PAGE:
Dr Tom Deakin is a Lecturer and Senior Research Associate in the High Performance Computing Research Group at the University of Bristol, led by Professor Simon McIntosh-Smith. Tom completed his PhD in Leveraging Many-Core Technology for Deterministic Neutral Particle Transport at Extreme Scale in 2018, and has since continued working on unstructured mesh transport and performance portability on HPC architectures. In 2012, Tom graduated top of his class from the University of Bristol with first class honours with a MSc in Mathematics and Computer Science, winning the prize for Best graduating student in Computer Science and Mathematics. Tom has been involved in teaching an Introduction to High Performance Computing at the University of Bristol and helped with tutorials on parallel programming models at international conferences and private courses on OpenCL and OpenMP. Training material on OpenMP for Computational Scientists and HandsOnOpenCL can be found online.
PhD in High Performance Computing, 2018
University of Bristol
Postgraduate Artists Diploma in Trumpet Performance, 2014
Trinity Laban Conservatoire of Music and Dance
MSci in Mathematics and Computer Science, 2012
University of Bristol
In recent years the computer processors underpinning the large, distributed, workhorse computers used to solve the Boltzmann transport equation have become ever more parallel and diverse. Traditional CPU architectures have increased in core count, reduced in clock speed and gained a deep memory hierarchy. Multiple processor vendors offer a collectively diverse range of both CPUs and GPUs, with the architectures used in the fastest machines in the world ever growing in diversity of many-core architectures. Going forward, the landscape of processor technologies will require our codes to function well across multiple architectures. This ever increasing range of architectures represents a unique challenge for solving the Boltzmann equation using deterministic methods in particular, and so it is important to characterize the performance of those key algorithms across the processor spectrum. The solution of the transport equation is computationally expensive, and so we require well optimized and highly parallel solver implementations in order to solve interesting problems quickly. In this work we explore the performance profiles of deterministic SN transport sweeps for both 3D structured (Cartesian) and unstructured (hexahedral) meshes. The study focuses on the characteristics of computational performance which are responsible for the actual performance of a transport solver.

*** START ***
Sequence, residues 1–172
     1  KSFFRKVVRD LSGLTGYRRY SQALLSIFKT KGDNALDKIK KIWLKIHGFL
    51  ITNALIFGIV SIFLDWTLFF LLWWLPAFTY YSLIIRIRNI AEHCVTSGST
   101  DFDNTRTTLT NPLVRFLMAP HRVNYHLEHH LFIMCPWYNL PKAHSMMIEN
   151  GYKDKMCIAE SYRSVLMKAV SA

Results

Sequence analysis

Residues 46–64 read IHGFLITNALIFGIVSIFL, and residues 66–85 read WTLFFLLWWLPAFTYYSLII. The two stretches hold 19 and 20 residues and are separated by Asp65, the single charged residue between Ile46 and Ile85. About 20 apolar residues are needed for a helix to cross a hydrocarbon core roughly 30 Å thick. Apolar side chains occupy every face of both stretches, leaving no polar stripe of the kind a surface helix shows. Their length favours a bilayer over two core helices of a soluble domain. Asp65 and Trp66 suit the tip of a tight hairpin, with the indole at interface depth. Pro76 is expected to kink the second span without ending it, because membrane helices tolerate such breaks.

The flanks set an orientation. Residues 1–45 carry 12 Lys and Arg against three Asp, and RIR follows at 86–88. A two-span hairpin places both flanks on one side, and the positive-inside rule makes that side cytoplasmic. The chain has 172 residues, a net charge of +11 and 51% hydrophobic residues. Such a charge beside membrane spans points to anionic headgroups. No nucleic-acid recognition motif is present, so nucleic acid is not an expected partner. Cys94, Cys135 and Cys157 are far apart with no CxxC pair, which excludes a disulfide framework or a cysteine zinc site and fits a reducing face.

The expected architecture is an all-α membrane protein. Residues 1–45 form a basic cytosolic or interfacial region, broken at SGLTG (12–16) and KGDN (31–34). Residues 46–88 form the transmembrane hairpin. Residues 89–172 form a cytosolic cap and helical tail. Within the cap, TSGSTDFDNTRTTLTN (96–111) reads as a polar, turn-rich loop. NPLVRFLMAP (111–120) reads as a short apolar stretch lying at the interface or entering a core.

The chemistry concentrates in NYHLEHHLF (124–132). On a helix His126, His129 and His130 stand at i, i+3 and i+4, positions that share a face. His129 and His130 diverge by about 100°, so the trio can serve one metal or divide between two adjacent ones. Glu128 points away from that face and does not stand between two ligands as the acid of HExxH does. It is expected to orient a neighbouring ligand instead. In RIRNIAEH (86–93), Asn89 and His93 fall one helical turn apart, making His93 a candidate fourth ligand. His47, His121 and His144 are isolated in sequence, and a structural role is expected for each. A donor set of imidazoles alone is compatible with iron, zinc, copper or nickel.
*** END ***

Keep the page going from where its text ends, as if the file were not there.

Previous studies into performance portability have typically analysed a single application (and its various implementations) in isolation. In this study we explore the wider landscape of performance portability by considering a number of applications from across the space of dwarfs, written in multiple parallel programming models, and across a diverse set of architectures. We apply rigorous performance portability metrics, as defined by Pennycook et al. We believe this is the broadest and most rigorous performance portability study to date, representing a far reaching exploration of the state of performance portability that is achievable today. We will present a summary of the performance portability of each application and programming model across our diverge range of twelve computer architectures, including six different server CPUs from five different vendors, five different GPUs from two different vendors, and one vector architecture. We will conclude with an analysis of the performance portability of key programming models in general, across different application spaces as well across differing architectures, allowing us to comment on more general performance portability principles.
Many scientific codes consist of memory bandwidth bound kernels. One major advantage of many-core devices such as general purpose graphics processing units (GPGPUs) and the Intel Xeon Phi is their focus on providing increased memory bandwidth over traditional CPU architectures. Peak memory bandwidth is usually unachievable in practice and so benchmarks are required to measure a practical upper bound on expected performance. We augment the standard STREAM kernels with a dot product kernel to investigate the performance of simple reduction operations on large arrays. The choice of programming model should ideally not limit the achievable performance on a device. BabelStream (formally GPU-STREAM) has been updated to incorporate a wide variety of the latest parallel programming models, all implementing the same parallel scheme. As such this tool can be used as a kind of Rosetta Stone which provides both a cross-platform and cross-programming model array of results of achievable memory bandwidth.